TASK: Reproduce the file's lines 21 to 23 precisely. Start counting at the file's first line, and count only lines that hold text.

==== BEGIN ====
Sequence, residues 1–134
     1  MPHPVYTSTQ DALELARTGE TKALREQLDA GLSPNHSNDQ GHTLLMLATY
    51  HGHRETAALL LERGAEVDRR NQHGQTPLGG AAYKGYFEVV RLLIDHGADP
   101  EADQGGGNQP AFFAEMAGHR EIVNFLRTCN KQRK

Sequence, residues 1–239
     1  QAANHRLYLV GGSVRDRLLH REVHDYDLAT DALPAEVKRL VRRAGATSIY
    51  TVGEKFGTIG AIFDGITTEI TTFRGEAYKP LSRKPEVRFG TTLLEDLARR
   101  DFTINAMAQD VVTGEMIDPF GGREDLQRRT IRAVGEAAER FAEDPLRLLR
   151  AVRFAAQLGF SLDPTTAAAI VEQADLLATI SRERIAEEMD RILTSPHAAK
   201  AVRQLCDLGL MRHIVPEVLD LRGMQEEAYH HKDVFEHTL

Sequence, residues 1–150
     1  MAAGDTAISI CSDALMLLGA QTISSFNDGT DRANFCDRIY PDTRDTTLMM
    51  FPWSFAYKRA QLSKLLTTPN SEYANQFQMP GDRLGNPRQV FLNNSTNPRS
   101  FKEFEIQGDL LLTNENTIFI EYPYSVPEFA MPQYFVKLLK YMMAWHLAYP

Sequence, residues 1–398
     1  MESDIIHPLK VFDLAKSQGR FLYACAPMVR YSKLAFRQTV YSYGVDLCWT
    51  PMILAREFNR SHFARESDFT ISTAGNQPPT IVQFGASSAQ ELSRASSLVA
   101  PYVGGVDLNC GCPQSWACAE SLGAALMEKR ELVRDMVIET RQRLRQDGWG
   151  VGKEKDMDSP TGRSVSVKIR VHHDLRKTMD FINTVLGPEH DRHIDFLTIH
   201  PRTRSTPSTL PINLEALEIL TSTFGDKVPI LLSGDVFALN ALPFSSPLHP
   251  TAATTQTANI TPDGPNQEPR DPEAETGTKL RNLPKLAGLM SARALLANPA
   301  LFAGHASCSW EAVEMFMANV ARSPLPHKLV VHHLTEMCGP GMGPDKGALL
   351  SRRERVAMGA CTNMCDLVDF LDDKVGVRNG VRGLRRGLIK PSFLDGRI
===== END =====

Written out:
   251  TAATTQTANI TPDGPNQEPR DPEAETGTKL RNLPKLAGLM SARALLANPA
   301  LFAGHASCSW EAVEMFMANV ARSPLPHKLV VHHLTEMCGP GMGPDKGALL
   351  SRRERVAMGA CTNMCDLVDF LDDKVGVRNG VRGLRRGLIK PSFLDGRI